The next night I couldn’t wait to heat up my leftover bouchons so I could have the salad again. The rustic potatoes and beans were enlivened by the lemon parsley dressing, and the bright citrus flavor helped temper the richness of the bouchons. The salad is the reason I keep defrosting my leftover tuna corks to have for dinner, and I know it will continue to show up in my meal rotation long after the bouchons are gone.

Even if I don’t have anything to go with it other than a crisp glass of white wine.

Roasted Fingerling, Green Bean and Shallot Salad with Lemon Parsley Vinaigrette
By Diana
Makes 1 entree-sized portion or 2 side-sized portions

4-5 fingerling potatoes cut into pieces
1 cup green beans, cut into inch-long pieces
1 large shallot sliced into thin rings
Handful of arugula
Olive oil
Salt, pepper

Lemon Parsley Vinaigrette
1 tablespoon lemon juice
2 teaspoons red wine vinegar
1 teaspoon Dijon mustard
1 teaspoon Olive Oil
1 tablespoon parsley, finely minced
Salt, pepper

Preheat oven to 375 degrees. Toss potatoes and shallots with drizzle of olive oil, salt and pepper and begin roasting in a Pyrex dish or on a cookie sheet. After approximately 10 minutes, add the green beans. Stir together and roast for an additional 15 minutes or until beans and potatoes are tender.

Meanwhile combine dressing ingredients with a whisk or fork. Set aside.

When potatoes and vegetables are done, remove from oven and immediately pour the lemon parsley dressing over them. Serve over a bed of arugula.

Tuesday, February 23, 2010

Vinoteque: Give us this day our daily...

In the beginning there was promise.

An atmosphere that felt decidedly like a cavernous wine cellar where covert whispers and raucous laughter are both equally acceptable. A patio that felt decidedly like… a patio. A friendly chap of a waiter who was all too happy to bring me samples of nearly every white wine on the by-the-glass menu until I found one I actually liked (the Chablis Chardonnay).

The cool vibe in Vinoteque, a relatively new addition to the hip section of Melrose Avenue, seemed to assure that my group of snarky gal pals would have a fabulous time. In my experience, wine bars are inherently fun – especially wine bars that serve food beyond the usual nibbles of olives and cheese plates and bacon-wrapped dates. Where wine flows, appetites rage.

Or at least mine does.

At Vinoteque, there are at least a couple dozen “European-sized” small plates to order from the eclectic menu – salads and pasta and ubiquities like short ribs and salmon to temper wine-infused hunger. There are Little Neck clams bursting with a bright bite of cilantro ($10), a vibrant wild arugula salad with preserved lemon vinaigrette and grated parmesan ($9), a relatively bland risotto with a swirl of white truffle oil ($9), and gamey lamb meatballs stuffed with goat cheese that are sadly not enhanced by the addition of mint ($13).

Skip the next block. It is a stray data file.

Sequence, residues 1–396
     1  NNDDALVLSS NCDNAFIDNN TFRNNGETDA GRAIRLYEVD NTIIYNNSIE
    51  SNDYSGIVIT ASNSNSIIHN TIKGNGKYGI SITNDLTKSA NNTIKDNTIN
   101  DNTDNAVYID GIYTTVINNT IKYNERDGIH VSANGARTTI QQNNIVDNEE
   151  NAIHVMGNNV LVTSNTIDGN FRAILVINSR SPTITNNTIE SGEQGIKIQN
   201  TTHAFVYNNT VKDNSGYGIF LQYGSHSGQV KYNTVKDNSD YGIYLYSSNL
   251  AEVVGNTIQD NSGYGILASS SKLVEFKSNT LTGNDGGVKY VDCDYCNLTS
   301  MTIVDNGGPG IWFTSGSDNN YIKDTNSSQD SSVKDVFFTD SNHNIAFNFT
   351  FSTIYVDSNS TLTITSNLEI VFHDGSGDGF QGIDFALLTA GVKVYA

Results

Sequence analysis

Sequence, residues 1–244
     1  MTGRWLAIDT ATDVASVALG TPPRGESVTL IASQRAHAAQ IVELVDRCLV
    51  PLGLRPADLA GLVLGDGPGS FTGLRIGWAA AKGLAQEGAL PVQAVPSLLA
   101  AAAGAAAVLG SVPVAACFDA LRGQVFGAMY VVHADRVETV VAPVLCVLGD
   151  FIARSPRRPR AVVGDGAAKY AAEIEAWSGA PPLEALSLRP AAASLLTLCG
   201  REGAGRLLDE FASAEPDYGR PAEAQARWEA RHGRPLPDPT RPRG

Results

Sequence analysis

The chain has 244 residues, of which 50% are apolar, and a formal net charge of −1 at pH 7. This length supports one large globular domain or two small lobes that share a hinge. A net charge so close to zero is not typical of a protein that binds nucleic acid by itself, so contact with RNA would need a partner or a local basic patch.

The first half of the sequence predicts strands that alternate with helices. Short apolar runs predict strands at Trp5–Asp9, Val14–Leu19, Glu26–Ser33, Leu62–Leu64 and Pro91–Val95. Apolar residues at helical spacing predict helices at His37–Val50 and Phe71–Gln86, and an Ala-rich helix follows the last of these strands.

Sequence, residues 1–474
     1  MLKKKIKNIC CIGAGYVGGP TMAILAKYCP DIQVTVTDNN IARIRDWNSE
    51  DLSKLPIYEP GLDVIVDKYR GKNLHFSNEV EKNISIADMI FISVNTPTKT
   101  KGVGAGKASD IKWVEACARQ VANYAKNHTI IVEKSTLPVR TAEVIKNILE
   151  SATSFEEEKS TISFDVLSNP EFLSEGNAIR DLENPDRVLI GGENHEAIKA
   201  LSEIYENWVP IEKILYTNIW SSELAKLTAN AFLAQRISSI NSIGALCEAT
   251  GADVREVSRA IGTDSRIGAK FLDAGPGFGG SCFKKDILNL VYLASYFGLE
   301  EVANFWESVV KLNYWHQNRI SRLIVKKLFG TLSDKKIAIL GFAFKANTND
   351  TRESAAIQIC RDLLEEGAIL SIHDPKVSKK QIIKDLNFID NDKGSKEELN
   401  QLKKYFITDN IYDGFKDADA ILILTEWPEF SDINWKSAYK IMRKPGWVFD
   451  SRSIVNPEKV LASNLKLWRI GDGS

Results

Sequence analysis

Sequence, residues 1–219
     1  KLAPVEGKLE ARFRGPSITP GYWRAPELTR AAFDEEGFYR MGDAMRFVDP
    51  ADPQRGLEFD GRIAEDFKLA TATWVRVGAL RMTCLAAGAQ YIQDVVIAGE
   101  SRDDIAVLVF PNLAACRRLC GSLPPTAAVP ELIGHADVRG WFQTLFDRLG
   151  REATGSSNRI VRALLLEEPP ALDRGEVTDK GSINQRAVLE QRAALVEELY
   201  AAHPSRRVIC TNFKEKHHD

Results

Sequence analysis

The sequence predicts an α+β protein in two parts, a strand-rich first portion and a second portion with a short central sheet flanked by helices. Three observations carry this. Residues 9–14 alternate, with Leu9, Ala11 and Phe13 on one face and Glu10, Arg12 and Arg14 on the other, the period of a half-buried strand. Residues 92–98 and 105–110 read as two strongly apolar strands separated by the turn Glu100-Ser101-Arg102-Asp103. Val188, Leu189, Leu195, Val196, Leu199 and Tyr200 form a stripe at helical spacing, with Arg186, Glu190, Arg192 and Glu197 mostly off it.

There is no shortage of solid and less-than-solid plates to share with dining and drinking companions. One could leave perfectly full and satisfied from the heartier dishes like the frissée salad with lardons and a panko fried egg ($9) or the duck breast with slow roasted butternut squash ($17). Yet even with the plentiful offerings and charming ambiance, something is amiss at Vinoteque.

It’s not the square white plates that S. Irene Virbila of the LA Times finds pretentious.

It’s not the confusing wine policy that allows diners to open up any bottle of wine in the restaurant if they commit to buying two glasses before donating it to the “communal table” for other imbibers to enjoy by the glass if they so desire.

And it’s not the aforementioned lamb meatballs that couldn’t be finished between a table of four Eaters. (Or more accurately two Eaters since one doesn’t eat lamb and the other is vegan.)

The problem is one of a rather precarious nature -- there is no bread.

Sure, a paltry crostini that accompanies the charcuterie plates, but no meaty hunks of whole wheat or sourdough boules (ideally from La Brea Bakery) that demand one sink their teeth into it immediately upon receipt.

As such, our party of four could only stay long enough to cancel our order of sautéed pea tendrils. The bottle of La Tordera Prosecco di Valdobbiadene ($34) we shared (I opted against any of the by-the-glass selections) demanded to be nullified with the sinewy texture of the preeminent carbohydrate.